Direct Democracy or Petition Sham?

As part of the Governance of Britain green paper, the Department for Communities and Local Government is now consulting on Local petitions and Calls for Action.

Since November 2006 members of the public have been able to start or sign
online petitions at the 10 Downing Street website, which can run for up to 12 months and receive a Government response if signed by 200 or more people.

Governance of Britain green paper committed the Government to considering means of petitioning Parliament and devising a mechanism which could lead to a debate in the House of Commons – but strangely this is not included within this consultation, with no explanation of why not or whether it will be in the future. To find out you may want to email Hazel Blears (Secretary of State for Communities and Local Government)

Instead, another issue, not even mentioned in the green paper is being consulted upon: petitions to local government.

consultation document proposes that local authorities would have a duty to respond to petitions in much the same way as the 10 Downing Street system, if they relate to an issue in local government jurisdiction; are organised by a local person; and have a sufficient level of support.

However, as the consultation document admits, "many local authorities already deal with petitions systematically, scrupulously and fairly" – so it is not clear what difference this proposal would make – except for the minority of councils who perhaps do not respond formally to petitions (no examples are cited in the consultation document).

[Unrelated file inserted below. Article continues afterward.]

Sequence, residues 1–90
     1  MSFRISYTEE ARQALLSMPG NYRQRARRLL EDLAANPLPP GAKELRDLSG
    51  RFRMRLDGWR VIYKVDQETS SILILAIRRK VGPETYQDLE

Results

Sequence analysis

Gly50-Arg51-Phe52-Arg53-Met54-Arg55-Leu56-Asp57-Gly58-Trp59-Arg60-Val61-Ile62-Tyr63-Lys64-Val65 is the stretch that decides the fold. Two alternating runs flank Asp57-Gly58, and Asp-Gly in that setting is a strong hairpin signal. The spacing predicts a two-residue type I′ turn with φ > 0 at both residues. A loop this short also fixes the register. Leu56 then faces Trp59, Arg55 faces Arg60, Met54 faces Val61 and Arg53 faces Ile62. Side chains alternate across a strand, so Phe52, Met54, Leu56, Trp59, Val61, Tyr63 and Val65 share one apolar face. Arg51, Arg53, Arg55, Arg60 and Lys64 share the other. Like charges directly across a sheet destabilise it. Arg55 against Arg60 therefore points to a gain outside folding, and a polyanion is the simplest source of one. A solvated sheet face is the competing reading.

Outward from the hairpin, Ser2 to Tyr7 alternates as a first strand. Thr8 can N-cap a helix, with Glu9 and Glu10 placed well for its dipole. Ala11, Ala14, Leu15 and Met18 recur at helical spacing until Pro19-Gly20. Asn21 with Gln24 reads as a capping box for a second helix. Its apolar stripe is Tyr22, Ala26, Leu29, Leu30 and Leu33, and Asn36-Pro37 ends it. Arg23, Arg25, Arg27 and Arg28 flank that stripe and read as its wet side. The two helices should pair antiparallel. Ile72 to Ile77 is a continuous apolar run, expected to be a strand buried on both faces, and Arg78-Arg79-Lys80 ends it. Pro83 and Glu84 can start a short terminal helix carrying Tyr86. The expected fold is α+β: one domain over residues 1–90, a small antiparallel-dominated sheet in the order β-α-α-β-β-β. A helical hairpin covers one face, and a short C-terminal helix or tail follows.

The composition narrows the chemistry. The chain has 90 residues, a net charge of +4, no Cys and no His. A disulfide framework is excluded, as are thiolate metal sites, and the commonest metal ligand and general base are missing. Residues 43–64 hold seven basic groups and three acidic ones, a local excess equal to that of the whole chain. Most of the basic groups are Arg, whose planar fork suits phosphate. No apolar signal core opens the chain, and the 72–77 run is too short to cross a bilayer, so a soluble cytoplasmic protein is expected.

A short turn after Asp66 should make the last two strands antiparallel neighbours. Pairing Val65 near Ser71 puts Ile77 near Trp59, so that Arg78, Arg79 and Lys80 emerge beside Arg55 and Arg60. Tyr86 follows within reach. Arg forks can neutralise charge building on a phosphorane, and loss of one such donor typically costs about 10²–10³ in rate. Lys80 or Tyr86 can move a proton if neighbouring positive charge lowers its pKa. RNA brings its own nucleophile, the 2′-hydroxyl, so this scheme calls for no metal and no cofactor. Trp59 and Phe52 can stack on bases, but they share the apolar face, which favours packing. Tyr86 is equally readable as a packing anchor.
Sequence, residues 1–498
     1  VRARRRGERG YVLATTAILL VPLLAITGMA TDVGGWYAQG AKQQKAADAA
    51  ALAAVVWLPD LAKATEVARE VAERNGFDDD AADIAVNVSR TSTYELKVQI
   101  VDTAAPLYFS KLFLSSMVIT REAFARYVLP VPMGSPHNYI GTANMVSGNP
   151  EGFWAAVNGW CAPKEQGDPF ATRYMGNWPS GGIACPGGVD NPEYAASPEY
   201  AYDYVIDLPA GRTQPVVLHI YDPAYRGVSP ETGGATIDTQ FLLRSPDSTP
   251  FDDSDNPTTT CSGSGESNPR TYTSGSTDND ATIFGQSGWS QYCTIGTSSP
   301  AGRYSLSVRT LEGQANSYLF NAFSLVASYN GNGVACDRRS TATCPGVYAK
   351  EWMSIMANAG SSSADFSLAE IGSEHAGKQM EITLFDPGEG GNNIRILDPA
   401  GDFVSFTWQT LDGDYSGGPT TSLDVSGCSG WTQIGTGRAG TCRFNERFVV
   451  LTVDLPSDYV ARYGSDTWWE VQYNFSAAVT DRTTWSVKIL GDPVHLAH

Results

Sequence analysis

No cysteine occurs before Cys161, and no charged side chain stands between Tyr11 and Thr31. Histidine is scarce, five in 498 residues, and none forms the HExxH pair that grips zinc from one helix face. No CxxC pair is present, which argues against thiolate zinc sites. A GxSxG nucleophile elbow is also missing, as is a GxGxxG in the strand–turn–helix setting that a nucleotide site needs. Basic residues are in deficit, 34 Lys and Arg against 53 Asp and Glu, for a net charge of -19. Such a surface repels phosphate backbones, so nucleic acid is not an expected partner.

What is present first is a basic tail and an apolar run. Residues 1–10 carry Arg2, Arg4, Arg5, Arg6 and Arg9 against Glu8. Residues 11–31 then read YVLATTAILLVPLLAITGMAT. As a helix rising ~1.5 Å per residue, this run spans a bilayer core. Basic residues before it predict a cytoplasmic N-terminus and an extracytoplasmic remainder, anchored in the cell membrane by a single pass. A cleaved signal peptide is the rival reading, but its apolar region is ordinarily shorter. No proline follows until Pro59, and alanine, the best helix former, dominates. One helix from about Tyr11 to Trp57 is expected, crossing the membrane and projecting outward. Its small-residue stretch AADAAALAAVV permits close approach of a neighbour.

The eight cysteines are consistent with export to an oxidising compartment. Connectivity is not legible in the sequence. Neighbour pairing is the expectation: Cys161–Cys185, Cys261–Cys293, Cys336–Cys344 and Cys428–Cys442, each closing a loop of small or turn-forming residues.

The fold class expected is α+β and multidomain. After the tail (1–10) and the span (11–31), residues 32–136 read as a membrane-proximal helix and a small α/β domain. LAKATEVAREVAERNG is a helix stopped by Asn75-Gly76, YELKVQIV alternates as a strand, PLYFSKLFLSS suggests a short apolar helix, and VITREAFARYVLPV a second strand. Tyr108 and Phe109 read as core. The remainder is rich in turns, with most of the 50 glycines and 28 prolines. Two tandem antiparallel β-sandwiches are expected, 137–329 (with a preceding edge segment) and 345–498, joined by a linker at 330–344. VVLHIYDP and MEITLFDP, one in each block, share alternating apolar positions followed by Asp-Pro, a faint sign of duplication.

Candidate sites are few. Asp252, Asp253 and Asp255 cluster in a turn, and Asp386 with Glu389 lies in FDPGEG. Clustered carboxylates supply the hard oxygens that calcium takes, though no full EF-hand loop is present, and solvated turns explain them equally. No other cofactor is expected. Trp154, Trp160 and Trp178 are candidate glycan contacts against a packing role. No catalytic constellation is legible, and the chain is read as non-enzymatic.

However, the document does mention examples of countries where petitions are a "trigger leading to electoral action, typically in the form of a referendum". One such example of this is
Switzerland whereby any change to Swiss law can be subjected to a referendum if 50,000 people sign a petition opposing it within 100 days. Additionally, a referendum on a constitutional change can be initiated by 100,000 people signing a petition within 18 months.Campaigning organisations such as charities, trade unions and other NGOs may therefore wish to reply to this consultation suggesting the Swiss model.The deadline for responses is 20th March 2008.

posted by Andrew

What is Consultation Watch?

At any one time there are often over 100 active Government consultations, ranging across Government departments and covering all aspects of our daily lives. To improve Government proposals for legislation at the earliest stage we all need to contribute to the policy-making process. Getting involved during the consultation period is an important part of this.

Consultation Watch aims to:
  • Raise public awareness of Government consultations;
  • Encourage people to respond to consultations; and
  • Share the expertise and insight of charities, trade unions and non-profit organisations.
We will do this by:
  • Providing links to active consultations on Government department websites;
  • Featuring prominent consultations and highlighting their most important aspects; and
  • Publishing consultation responses from charities, trade unions and non-profit organisations.

To learn more about Consultation Watch visit their website:

Also see this related link for more information on Downing Street's e-Petitions one year on from it's inception:

No comments: